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The following article appeared in Radikal on 13 June 2013. Translated from Turkish by Tim Drayton

One country-two communities, or even ‘nations’

TAYFUN ATAY

For weeks, decisive steps have been taken in the direction of a split into the two communities in Turkey of which Şerif Mardin spoke twenty odd years ago, one Islamic and one Secular.

“Nobody may directly deny the possibility of two nations being born in Turkey, one secular and the other Islamic. Even if the likelihood of violent confrontation between these two now appears remote, this may come to pass in the future.”*

This article (‘Culture and Religion: Towards the Year 2000’) published by Prof. Şerif Mardin Mardin in 1989 had a powerful effect on both me and my valued friend, Gökhan Çetinsaya, when we were postgraduate students in Britain.

Yes, I am speaking of Council of Higher Education President Prof. Dr. Gökhan Çetinsaya. Our acquaintance and admiration of Şerif Mardin Mardin goes back to the days when we were wet behind the ears assistants at Hacettepe. We first became aware of the article which I mentioned above when we were together in Britain. Gökhan went on to deliver a brilliant seminar at the University of London based, to a significant degree, on this article.

I sit with both texts before me. The reason that I fetched them from the archive and placed them in front of me is that Turkey is on the verge of moving into the position envisaged twenty odd years ago by the scholar Şerif! For days the talk has been of a split into ‘two communities’, conjuring up the scholar’s far more spine-chilling reference to two ‘nations’.

All because ‘economic stability’ has been made to play second fiddle to ‘cultural despotism’.

All because the kids who poured into the streets in the form of an ‘outcry’, the shrieks of an old and young ‘maintream’ mass, became stifled among the rhetoric and activism of ‘marginal’ groups.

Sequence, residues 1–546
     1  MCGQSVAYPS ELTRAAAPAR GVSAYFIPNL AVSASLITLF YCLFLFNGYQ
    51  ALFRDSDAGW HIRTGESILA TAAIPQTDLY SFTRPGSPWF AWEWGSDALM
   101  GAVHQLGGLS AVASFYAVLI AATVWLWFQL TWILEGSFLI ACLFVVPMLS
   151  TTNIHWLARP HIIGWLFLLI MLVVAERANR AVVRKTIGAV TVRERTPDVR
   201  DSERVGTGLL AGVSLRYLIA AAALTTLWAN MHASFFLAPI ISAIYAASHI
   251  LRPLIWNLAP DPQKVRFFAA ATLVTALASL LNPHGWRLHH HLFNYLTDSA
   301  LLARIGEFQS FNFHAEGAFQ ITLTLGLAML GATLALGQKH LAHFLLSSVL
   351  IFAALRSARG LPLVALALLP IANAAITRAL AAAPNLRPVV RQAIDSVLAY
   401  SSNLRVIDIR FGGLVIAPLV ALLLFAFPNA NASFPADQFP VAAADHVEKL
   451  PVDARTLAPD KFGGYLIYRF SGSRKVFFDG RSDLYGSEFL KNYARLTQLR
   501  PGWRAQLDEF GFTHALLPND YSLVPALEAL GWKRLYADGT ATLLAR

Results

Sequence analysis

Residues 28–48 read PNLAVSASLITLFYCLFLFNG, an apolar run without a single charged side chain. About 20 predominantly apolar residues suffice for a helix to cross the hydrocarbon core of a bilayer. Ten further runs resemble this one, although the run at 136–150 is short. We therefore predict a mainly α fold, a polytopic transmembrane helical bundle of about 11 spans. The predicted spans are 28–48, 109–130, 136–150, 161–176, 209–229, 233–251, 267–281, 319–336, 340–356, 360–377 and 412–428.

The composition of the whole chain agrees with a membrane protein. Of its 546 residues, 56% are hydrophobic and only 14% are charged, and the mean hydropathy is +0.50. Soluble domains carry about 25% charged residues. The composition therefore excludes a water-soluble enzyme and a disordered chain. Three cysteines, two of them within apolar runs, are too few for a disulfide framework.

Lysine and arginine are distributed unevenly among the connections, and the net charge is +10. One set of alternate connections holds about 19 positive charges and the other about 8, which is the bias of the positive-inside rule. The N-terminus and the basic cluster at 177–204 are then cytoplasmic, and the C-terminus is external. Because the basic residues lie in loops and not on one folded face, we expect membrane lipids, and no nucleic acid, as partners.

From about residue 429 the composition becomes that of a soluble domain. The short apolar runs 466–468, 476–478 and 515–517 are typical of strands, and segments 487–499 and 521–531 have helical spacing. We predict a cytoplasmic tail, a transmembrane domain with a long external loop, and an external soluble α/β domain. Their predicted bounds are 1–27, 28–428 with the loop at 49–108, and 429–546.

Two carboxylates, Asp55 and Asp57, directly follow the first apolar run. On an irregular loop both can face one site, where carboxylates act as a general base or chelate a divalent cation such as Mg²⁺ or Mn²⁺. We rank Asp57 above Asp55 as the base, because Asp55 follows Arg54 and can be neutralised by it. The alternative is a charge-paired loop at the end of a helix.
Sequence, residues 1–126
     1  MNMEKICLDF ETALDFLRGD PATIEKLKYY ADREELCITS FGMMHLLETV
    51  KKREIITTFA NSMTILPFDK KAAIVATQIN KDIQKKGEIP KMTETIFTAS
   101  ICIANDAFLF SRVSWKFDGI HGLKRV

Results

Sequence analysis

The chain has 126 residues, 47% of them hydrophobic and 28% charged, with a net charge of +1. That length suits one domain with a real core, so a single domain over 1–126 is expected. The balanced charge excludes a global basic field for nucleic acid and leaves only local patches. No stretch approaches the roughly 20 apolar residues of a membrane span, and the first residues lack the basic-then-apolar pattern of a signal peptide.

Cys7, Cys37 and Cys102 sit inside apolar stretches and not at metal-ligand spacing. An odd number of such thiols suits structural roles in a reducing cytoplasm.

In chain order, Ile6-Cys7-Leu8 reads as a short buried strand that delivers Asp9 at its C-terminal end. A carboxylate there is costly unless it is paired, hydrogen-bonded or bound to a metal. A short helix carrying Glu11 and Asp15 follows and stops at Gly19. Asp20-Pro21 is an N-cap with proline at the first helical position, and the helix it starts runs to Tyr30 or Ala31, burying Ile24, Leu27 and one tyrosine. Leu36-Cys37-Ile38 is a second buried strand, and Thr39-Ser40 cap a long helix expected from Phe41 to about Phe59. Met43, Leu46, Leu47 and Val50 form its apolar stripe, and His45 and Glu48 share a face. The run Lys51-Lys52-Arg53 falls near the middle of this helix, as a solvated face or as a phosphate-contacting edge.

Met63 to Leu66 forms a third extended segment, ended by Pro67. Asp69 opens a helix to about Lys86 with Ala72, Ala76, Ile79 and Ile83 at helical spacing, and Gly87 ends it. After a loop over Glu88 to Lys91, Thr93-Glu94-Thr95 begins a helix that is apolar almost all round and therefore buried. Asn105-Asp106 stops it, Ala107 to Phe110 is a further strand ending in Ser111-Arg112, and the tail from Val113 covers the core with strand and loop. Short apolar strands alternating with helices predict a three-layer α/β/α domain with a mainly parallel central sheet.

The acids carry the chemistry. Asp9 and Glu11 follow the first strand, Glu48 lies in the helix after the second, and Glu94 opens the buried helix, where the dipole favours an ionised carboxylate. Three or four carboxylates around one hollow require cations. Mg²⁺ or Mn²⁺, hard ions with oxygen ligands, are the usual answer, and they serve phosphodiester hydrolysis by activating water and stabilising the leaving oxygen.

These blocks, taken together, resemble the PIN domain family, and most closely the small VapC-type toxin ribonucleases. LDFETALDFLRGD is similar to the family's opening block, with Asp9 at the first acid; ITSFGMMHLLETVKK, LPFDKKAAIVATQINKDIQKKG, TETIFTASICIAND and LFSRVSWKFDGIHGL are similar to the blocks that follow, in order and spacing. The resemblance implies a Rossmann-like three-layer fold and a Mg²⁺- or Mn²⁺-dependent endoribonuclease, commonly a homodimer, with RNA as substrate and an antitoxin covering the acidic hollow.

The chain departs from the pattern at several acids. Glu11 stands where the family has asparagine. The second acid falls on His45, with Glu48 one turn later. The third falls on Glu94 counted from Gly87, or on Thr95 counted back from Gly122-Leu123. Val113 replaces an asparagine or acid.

All because the burning of a flag by an (isolated) idiot was highlighted, while the sea of moon and star flags in the background was ignored.

All because the very people who, in the face of damage done to ‘state property’, strove to prevent this, grabbed stones from other people’s hands and, most importantly, tried to silence those who would swear at the country’s prime minister have become marginalised.

All because, in a manner that is reminiscent of the rumours that “Alevis bombed the mosque” prior to the Maraş slaughter, resort has been made to claims that those taking refuge in the mosque entered with their shoes on; it was even alleged, in face of denial by the muezzin, that they took drink. It was not revealed that the protestors performed prayers and distributed cakes to mark the illumination festival and were joined by veiled women.

The result?! That mass with its outcry, i.e. ‘the secular segment of society’, finds itself branded enemy of the state, nation, flag and religion; subjected to wholesale abuse and categorised under ‘the family of looters’.

Gökhan Çetinsaya, in the text of the above-mentioned seminar, elaborating on scholar Şerif’s pronouncements, says that in his opinion the ‘secular’ component of society comprises twenty to thirty percent of Turkey’s people (p. 16). This figure is a matter of debate; you may find it low and assert that it is higher. You may even stake your shirt on the claim that it is ‘fifty percent-fifty percent’!

Even so, I will take Gökhan’s figure as read! Twenty percent of society? That makes about 15 million people. Thirty percent? That is equivalent to 23 million.

Well, what does the future hold for so many people? Cultural policing? No getting under anybody’s feet, no hugging and kissing, no drinking unless you do it at home? Or even worse?

Talking of worse, unfortunately, this brings Sudan to mind. The Islamification of the country in the wake of Ahmad Al-Bashir’s coup lead to the splintering off of a ‘Christian/Animist community’. The balance sheet – 2 million dead and 4 million injured. The result – in 2011, the ‘Republic of South Sudan’ was formed.

“Turkey is not Sudan, ” do I hear you say? Do I hear you speak of democracy? Do I hear you speak of pluralism? Do I hear you speak of the religious and secular, raki drinkers and buttermilk drinkers continuing to chat and engage with one another?!

Proof is needed! There is a need for more people like İhsan Dağı among you. I will leave him with the final word, from his column in Zaman:

“What enabled the AK party to ‘create coalitions’ across different social and political milieus and then brought it to power was its language of democracy, freedom and pluralism and its being a common denominator. With this having been abandoned in favour of an oppressive, statist, authoritarian language, there will be political consequences of this. There are no vacuums in politics and these demands are not ‘vacuous’. Experience bears this out.”

* TRANSLATOR’S NOTE: This is my back translation of the author’s translation into Turkish of this quote.

Archive of Turkish press translations by Tim Drayton